OPINION: How can it possibly be anything other than detrimental to children to require parents to pay for help in making arrangements for their care?
The average weekly income in New Zealand in June last year was $703 before tax. Parents seeking help in resolving disputes over care arrangements for their children will in future be charged $897 to access counselling.
That fee is not only larger than the entire income many people earn in a week, but is more than many families take home in a week. It is certainly more than my clients' total weekly family incomes.
Last week Justice Minister Judith Collins announced details of the Government's plans for changes to the Family Court. The proposals arose from a review of the court, including a discussion document entitled Reviewing the Family Court - A public consultation paper released last year.
The paper placed heavy emphasis on the financial cost of the Family Court, raising fears that the court was about to be subjected to a hatchet job. The document also made sweeping criticisms of the court - but provided no evidence to support these assertions.
A small number of anonymous 'case summaries' in the document trivialised the real work of the Family Court by painting a picture of middle class parents squabbling over minor issues.
The document contained statements such as 'Early resolution is better: Early self-resolution out of court achieves better outcomes for children and families. We need to promote conciliation over litigation.'
However, there was no acknowledgement that this is exactly what the Family Court has been doing for more than 30 years. Except in emergency cases, care of children proceedings go first to counselling and then, if necessary, to mediation. More than 95 per cent of cases are resolved in this way, meaning that less than 5 per cent go to adversarial defended hearings.
Last week's announcements have confirmed fears that an axe would be taken to the Family Court, jeopardising its core purposes of providing a cost-free, easily accessible and effective means to resolving family issues.
In May, the Government announced the introduction of fees for civil disputes in the Family Court and last week's announcements heralded the introduction of an $897 fee for previously free counselling services.
These fees will reduce access to the court for those most in need of its services. In both cases, ministers said that fees could be reduced or waived for low- income earners but no details were provided.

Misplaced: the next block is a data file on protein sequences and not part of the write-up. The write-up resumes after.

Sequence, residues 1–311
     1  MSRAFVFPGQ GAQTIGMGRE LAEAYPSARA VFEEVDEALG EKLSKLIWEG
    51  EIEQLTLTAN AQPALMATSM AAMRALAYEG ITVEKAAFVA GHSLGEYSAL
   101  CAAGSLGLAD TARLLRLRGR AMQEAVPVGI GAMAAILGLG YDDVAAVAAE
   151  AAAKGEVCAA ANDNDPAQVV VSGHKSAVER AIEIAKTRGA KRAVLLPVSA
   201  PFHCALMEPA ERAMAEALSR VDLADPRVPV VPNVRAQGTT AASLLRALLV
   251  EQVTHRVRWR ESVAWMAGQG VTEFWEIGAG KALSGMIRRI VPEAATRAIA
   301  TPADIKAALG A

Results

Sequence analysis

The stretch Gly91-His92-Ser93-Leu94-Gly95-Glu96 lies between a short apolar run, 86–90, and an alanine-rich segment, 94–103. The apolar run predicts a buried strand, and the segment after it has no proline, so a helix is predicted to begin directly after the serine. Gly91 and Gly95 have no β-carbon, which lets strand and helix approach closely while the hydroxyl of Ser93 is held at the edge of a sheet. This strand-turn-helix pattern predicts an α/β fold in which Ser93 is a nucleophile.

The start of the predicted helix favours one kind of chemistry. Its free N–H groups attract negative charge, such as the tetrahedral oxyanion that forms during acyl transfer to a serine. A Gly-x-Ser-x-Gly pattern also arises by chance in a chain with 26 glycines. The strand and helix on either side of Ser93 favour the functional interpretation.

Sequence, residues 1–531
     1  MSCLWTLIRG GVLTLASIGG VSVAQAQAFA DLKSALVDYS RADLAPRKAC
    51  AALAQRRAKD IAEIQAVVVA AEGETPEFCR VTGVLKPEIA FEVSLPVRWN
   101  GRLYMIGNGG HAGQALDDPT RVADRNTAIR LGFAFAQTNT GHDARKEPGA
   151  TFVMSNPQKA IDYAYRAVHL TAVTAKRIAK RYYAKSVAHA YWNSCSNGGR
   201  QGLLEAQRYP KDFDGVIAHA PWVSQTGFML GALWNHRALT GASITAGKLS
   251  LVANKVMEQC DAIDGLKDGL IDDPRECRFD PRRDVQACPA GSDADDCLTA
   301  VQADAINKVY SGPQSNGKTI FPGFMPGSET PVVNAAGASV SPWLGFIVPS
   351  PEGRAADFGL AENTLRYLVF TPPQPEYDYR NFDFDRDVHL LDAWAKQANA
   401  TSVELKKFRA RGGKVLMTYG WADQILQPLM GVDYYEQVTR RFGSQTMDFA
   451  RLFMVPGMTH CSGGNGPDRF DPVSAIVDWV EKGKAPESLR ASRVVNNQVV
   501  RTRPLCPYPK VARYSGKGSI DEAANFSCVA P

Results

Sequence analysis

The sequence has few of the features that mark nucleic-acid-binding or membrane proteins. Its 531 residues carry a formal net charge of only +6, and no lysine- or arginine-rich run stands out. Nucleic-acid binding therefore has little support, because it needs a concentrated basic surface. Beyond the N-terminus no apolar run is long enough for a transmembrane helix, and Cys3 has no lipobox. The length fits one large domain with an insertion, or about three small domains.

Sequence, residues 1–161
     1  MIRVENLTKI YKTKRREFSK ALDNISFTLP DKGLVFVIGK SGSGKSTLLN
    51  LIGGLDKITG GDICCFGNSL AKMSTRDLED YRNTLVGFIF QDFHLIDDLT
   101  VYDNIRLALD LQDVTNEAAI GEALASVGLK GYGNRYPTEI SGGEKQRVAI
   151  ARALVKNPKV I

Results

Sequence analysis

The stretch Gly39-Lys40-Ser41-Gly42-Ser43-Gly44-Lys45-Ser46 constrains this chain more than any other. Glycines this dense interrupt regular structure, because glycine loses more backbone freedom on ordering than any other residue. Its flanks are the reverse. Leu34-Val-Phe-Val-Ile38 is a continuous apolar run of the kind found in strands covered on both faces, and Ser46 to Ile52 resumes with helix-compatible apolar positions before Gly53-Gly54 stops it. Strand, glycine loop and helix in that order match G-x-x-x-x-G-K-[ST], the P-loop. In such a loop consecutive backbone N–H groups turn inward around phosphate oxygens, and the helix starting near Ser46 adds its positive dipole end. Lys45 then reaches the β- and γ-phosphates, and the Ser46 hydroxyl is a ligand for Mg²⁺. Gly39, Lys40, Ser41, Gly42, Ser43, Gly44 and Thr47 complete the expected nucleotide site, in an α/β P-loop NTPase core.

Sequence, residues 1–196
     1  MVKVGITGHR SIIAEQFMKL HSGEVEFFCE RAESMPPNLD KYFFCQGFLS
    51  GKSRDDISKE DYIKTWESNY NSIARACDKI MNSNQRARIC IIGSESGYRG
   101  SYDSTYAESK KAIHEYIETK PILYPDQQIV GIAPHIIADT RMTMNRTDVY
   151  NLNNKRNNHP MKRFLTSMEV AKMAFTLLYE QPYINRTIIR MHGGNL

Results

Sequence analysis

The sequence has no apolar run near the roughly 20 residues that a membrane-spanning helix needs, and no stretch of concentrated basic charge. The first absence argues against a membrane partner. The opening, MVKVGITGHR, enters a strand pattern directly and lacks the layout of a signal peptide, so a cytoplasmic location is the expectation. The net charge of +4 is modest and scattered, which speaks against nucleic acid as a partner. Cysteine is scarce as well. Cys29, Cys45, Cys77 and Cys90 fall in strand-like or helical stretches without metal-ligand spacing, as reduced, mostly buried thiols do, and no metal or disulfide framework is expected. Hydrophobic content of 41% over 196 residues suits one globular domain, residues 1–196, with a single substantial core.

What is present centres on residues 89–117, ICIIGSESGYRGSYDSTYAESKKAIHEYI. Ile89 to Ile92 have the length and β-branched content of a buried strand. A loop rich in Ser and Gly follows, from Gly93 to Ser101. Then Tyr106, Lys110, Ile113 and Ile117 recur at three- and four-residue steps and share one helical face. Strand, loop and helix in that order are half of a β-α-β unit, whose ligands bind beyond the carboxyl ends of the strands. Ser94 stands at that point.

A new Family Dispute Resolution Service will be set up outside the Family Court to provide counselling on a payment basis. At present, parents are entitled to up to six free counselling sessions to help them talk through and agree on arrangements for their children. This is extremely successful in practice but is to be immediately slashed from six to one counselling session as an interim measure. The media release said that this would 'mean counsellors would need to take a shorter, outcome-focused approach'.
Another way of putting this would be to say that counsellors will be given an all-but-impossible mission. Achieving agreement on family issues in one short hour is simply unrealistic.
It is difficult to see what will really change under the Family Dispute Resolution Service - apart from the new charges - since counselling does not at present take place within the Family Court premises. The Government's media release stated that: 'It is estimated that 1200 families (approximately 2000 children) will no longer have to go to court as a result of family dispute resolution.'
This is mystifying. Children do not at present go to the Family Court in such cases and very few parents do either.
The proposals also include many parents in future dealing with Family Court cases without lawyers, representing themselves. I am all in favour of people resolving their own disputes, but it is simply not possible in all cases. Some parents really need lawyers and will be seriously disadvantaged and intimidated by being required to represent themselves. The proposals do not acknowledge how many New Zealanders cannot read or write, have English as a second language, do not have access to computers, or have mental health problems or intellectual incapacities.
Family law matters are extremely emotional and difficult for people to deal with. Stating that 'for simple private matters lawyers are not needed, so parents can represent themselves' is unrealistic.
The review has been a short-term, short-sighted exercise focused on short- term cost-cutting. No consideration has been given to the long-term, detrimental impacts of allowing family issues to fester unresolved.
If the Government is serious about wishing to resolve family matters speedily, it should appoint more Family Court judges so that people involved in the 5 per cent of most-difficult cases can access the court quickly, instead of waiting lengthy periods for hearings.
However, the announcements in relation to the domestic violence aspects of the review are to be commended. I agree that the court is not focused enough on the most serious domestic violence cases. I also welcome the increase in maximum penalties for breaching protection orders, the inclusion of economic abuse in the definition of domestic violence, and improvements to stopping- violence programmes.
Catriona MacLennan is a barrister and legal commentator.
- The Dominion Post
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